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Videodrome TV James Woods, Max Renn, Deborah Harry, Debbie Harry, Sonja Smits, Leslie Carlson, Jack Creley, David Tsubouchi, David Cronenberg Videodrome: a sleazy horror TV exec is searching for new and extreme content when he stumbles across ‘Videodrome’, a pirate broadcast full of violence and torture. There’s only one thing better than a gory picture, and that’s a gory picture that has something to say, and better still when over 30 years later it’s more relevant than ever. James Woods is great as Max Renn; a character so jaded that he sees a snuff film and immediately falls in love with the plot and cheap production values. On both layers (the film’s plot and the movie itself) sex and violence no longer cut it as ‘extreme’, and both Renn and Cronenberg are pressing hard against the boundaries of sexual violence, perversions, pain for pleasure… Not content with just being ‘extreme’, Videodrome stands out as being unsettling in a number of ways; it intentionally blurs the boundaries between reality and off-kilter hallucinations; and contains stomach turning physical effects like the ‘gun hand’ – shucks, even seeing a living, moving, human-like TV set is disturbing. It’s been at least ten years since I previously watched Vireodrome and even though the sensational imagery and ideas have stuck with me for the entire time, they’re so twisted, unique, and eerily prophetic that they don’t lose any of their impact on subsequent viewings. A brilliant and intelligent horror director, grotesque physical effects sequences, and though-provoking ideas make Videodrome a timeless horror classic.

Score: 8/10

Videodrome Helmet James Woods, Max Renn, Deborah Harry, Debbie Harry, Sonja Smits, Leslie Carlson, Jack Creley, David Tsubouchi, David Cronenberg

Arrow Films have just released the comprehensive 4-disc Blu Ray & DVD box-set of Videodrome, which includes 4 of Cronenberg‘s earlier movies and a shitload of interesting & rare behind-the-scenes footage and extras from UK and US TV archives featuring the likes of John Landis, John Carpenter, George Romero. More info here.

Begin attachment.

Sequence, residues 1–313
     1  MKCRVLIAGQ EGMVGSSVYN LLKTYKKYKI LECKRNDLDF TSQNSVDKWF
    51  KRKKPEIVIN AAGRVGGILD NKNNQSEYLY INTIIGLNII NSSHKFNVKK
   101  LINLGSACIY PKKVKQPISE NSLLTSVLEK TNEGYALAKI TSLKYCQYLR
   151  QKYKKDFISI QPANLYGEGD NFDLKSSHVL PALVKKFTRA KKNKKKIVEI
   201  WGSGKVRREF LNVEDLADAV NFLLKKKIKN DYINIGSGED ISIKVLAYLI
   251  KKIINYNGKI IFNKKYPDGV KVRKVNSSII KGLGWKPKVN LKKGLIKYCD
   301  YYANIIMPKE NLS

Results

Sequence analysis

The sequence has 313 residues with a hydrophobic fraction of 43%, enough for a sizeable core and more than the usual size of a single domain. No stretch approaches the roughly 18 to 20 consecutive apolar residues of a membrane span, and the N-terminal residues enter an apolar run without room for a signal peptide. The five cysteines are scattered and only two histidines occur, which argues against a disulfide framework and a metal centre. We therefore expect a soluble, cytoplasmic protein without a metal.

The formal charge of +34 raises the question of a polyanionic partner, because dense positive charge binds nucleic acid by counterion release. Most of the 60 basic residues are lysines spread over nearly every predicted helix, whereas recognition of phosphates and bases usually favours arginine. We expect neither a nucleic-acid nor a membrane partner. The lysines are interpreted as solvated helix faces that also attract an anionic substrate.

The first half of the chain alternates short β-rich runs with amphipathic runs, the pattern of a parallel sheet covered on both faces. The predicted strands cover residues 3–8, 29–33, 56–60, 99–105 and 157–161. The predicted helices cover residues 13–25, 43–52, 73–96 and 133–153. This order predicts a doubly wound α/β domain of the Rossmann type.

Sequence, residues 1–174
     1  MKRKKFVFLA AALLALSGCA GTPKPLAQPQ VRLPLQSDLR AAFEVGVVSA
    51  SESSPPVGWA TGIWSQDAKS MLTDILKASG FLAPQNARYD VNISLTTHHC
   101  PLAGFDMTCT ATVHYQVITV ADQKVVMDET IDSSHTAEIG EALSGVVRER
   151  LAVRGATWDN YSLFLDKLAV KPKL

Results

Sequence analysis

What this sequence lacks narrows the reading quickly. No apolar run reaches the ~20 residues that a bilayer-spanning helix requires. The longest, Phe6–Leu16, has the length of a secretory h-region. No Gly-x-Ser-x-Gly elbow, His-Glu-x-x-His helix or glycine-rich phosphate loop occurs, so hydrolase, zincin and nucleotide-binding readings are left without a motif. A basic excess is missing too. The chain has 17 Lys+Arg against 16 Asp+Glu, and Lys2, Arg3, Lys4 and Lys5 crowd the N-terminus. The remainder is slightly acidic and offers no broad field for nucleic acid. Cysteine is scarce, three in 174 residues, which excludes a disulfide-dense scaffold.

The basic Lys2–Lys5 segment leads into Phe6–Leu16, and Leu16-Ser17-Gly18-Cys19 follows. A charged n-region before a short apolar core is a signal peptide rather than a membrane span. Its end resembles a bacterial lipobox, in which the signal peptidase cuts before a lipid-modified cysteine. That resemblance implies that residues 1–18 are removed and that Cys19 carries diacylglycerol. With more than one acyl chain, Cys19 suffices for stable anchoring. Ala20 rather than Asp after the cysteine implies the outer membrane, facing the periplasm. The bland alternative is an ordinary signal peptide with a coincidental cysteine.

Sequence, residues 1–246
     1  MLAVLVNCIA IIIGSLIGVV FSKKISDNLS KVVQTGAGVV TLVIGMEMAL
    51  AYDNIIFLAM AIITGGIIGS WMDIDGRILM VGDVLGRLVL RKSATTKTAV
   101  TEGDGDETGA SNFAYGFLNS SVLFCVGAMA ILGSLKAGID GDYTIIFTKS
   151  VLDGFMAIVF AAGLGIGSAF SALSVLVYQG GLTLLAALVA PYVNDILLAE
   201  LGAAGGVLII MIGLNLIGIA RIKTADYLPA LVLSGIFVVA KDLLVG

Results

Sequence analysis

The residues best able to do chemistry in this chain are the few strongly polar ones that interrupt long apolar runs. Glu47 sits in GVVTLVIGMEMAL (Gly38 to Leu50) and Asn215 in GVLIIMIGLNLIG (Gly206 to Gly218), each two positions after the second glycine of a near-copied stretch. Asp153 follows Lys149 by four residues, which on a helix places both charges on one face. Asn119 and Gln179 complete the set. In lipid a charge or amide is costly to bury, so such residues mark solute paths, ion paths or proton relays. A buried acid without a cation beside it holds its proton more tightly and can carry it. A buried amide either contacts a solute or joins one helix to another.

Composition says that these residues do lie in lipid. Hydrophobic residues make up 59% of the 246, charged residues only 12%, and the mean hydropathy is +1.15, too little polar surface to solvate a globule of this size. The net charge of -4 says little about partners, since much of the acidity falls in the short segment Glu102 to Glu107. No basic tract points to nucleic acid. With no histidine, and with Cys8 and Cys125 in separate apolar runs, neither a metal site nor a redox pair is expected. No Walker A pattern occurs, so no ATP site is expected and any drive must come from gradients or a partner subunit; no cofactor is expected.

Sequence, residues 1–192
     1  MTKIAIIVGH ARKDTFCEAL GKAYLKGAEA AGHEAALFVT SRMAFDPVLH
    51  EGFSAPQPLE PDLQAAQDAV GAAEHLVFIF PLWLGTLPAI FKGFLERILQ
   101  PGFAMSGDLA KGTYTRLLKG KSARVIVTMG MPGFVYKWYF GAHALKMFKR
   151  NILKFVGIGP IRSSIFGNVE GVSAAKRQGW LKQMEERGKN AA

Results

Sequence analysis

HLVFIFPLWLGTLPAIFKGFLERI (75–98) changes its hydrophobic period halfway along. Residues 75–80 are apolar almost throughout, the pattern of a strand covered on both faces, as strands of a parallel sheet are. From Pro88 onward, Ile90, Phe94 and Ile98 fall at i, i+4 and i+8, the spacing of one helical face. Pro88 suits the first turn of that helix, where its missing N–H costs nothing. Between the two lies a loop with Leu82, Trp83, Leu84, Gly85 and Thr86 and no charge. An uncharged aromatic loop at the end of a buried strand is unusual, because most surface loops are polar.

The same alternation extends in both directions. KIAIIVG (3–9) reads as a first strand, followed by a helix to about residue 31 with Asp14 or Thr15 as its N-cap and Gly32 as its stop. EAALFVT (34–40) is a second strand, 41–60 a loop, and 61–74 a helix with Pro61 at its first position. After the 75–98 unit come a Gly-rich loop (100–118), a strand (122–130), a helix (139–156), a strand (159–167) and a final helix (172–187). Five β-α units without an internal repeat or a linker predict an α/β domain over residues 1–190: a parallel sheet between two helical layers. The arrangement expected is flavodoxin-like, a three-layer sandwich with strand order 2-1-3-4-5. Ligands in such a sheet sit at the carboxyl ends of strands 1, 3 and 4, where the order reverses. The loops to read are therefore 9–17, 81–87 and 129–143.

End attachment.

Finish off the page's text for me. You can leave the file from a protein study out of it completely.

THE FLY David Cronenberg, Jeff Goldblum, Geena Davis, John Getz. Joy Boushel, Leslie Carlson, George Chuvalo

The Fly: when a teleporter accidentally fuses his DNA with that of a housefly, brilliant scientist Seth Brundle slowly begins a dramatic transformation into a man-fly! It’s a great testament to Cronenberg that he can have such an obvious directorial stamp on a film, yet keep it feeling like an old-fashioned monster movie; as the plot could have easily been an old Corman B-movie. The SFX department are on fire, with some of the greatest physical, in-camera effects that no amount of CGI could begin to replicate – the fingernails, puss, blood, guts, limbs, and transformations are all so visceral that it makes you feel sick in the pits of your stomach. There’s some other neat technical tricks such as the ‘how did they do that’ camera trickery for wall-crawling antics. Last, but not least, the small cast are all great, particularly Goldblum, who delivers a riotous performance as an increasingly peculiar and demented Brundlefly – but remains believable throughout. Top top it off, the telepods are a great feature for both extremes (fusion/blood/guts) and dramatics (noise, smoke, strobe), and there’s some classic ’80s programming’ going on. A bit of patience is required as the film takes its time to build toward a conclusion that – even after knowing the story – exceeds anything you could imagine. The Fly is one of those films where everything’s just right, and is easily still on of the best horror sci-fi movies around.

Score: 8.5/10

Seth Brundle Clothes Mr Bean Brundlefly Brundlebean

Seth Brundle’s nerdy clothes reminded me of someone… MR BEAN!!! (at least when it wasn’t one of the 200 shirtless scenes)